A year after he became head of New York City’s Roman Catholic community, Archbishop Timothy Dolan visited a prominent Manhattan synagogue Thursday, praising the state of Jewish-Catholic relations and calling for increased dialogue between Jews and Catholics.
With a nod to Carrie Bradshaw, Anna Sophia Loewenberg webcasts her search for love in a town that’s never heard of JDate.
In a bright pink button-up dress, white knee-highs and dangly earrings, a daringly confident Su Fei saunters into a swanky Beijing boutique hotel for an evening of speed-dating, where she’ll sit down with 21 eligible bachelors — like Hai, Wukejia and Richard.
But for Su Fei, a curly-haired Carrie Bradshaw look-alike whose real name is Anna Sophie Loewenberg, finding a boyfriend in Beijing isn’t easy.
In bid to stabilize neighborhoods, more Modern Orthodox shuls
offering cash for new blood.
Assistant Managing Editor
When Phillip and Aviva Angel felt priced out of Park Slope, Brooklyn, and wanted to find a Modern Orthodox community where they could put down permanent roots, they searched the Internet for Jewish housing incentives.
“Being Modern Orthodox and the father of sons, I didn’t feel there were really any options for affordable Orthodox Jewish education in Brooklyn,” said Angel, a self-employed architectural consultant. “We were also looking for a suburb where you can commute affordably to New York City.”
Northern Westchester teens participate
in exchange program with Israeli peers.
Special To The Jewish Week
The gym at the Rosenthal JCC of Northern Westchester in Pleasantville echoed with the steady buzz of more than 100 middle school students, occupied in equal measure with eating vast quantities of kosher Chinese food, texting and chatting.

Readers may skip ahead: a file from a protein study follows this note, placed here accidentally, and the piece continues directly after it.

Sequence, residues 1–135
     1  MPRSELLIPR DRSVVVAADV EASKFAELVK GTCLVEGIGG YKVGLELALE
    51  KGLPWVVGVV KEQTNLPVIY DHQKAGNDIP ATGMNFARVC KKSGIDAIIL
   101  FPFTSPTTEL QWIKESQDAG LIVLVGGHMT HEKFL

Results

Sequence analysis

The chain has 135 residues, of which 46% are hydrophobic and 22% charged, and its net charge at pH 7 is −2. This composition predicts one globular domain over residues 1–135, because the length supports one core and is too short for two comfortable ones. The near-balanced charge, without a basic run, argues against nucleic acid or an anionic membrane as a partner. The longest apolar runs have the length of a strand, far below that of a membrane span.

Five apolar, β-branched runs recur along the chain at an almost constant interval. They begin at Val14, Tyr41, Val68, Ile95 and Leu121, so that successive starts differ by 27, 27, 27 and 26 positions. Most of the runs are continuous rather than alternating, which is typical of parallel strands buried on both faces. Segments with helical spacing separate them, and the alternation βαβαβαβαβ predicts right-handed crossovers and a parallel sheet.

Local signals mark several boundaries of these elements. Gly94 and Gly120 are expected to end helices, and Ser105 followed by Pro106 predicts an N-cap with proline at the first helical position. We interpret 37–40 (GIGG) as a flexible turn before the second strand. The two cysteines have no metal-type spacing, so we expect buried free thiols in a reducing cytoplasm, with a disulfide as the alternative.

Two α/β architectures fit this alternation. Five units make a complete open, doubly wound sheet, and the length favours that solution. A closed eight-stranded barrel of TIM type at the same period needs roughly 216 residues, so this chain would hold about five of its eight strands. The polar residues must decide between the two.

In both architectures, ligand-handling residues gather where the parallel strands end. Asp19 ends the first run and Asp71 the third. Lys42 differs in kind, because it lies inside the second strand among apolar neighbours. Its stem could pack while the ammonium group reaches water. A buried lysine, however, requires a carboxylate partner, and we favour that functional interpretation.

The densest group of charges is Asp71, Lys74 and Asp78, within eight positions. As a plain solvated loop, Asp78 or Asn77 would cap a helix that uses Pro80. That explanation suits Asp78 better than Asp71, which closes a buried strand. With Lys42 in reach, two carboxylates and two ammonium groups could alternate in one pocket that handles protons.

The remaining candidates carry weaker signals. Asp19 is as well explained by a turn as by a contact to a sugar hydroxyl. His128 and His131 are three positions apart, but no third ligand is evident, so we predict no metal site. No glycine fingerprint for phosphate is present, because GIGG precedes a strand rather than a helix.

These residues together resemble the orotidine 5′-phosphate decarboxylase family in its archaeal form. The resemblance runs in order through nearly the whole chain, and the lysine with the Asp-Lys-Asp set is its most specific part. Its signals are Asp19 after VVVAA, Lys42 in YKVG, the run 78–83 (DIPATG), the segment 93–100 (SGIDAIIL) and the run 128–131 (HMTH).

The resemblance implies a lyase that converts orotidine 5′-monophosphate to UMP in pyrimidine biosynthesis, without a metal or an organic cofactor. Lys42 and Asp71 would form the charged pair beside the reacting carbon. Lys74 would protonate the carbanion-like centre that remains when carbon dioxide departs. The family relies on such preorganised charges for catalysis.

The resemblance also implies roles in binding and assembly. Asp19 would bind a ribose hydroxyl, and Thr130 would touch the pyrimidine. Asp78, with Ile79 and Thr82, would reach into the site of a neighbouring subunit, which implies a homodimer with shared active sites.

Contemplating emptiness and loss, from Birkenau to Lower Manhattan.
Special to the Jewish Week
Some holes, frankly, are not meant to be filled or tampered with.
Indeed, while equally empty, not all holes are the same. Natural geologic formations are one thing, man-made atrocities that claim human lives are quite another. One is a landmass of spectacle and curiosity; the other a burial ground and, therefore, especially sacred.
At Passover security briefing, officials say al Qaeda recruits are sent to attack ‘symbols of capitalism,’
and they often act fast; Iran threat also on radar. Officials "tracking this threat very closely."
Assistant Managing Editor
The Jewish community faces no specific threat as Passover approaches, Police Commissioner Raymond Kelly told local Jewish leaders on Tuesday.
But New York City faces the continued threat of an al Qaeda-linked terror attack, likely aimed at mass transit, he said at the police department’s annual pre-Passover security briefing.
“We’re tracking this threat very closely,” said the commissioner. “We rely on an alert public to be our eyes and ears.”
Entering a Borough Park public school early Tuesday, David Tilis was emphatic about his pick for president.
“I’m Jewish, so it has to be [George W.] Bush,” said Tilis, 21, a mortgage broker en route to casting his vote for the Republican incumbent. “I don’t understand how any Jew could vote for [Sen. John] Kerry. Yasir Arafat is for him.”
When Pizmon, Columbia’s famed Jewish a cappella group, began to croon a series of Hebrew melodies, a group of about 100 French university students — visibly tired from their trans-Atlantic flight earlier in the day — roused and began clapping to the music, cheering, dancing and snapping photos of the singers.After each song, Pizmon received a standing ovation from the French student leaders who gathered Sunday in the basement of the Kraft Center, the home of Columbia University’s Hillel.“It was something very unexpected for us,” said Jimmy Pinto, a senior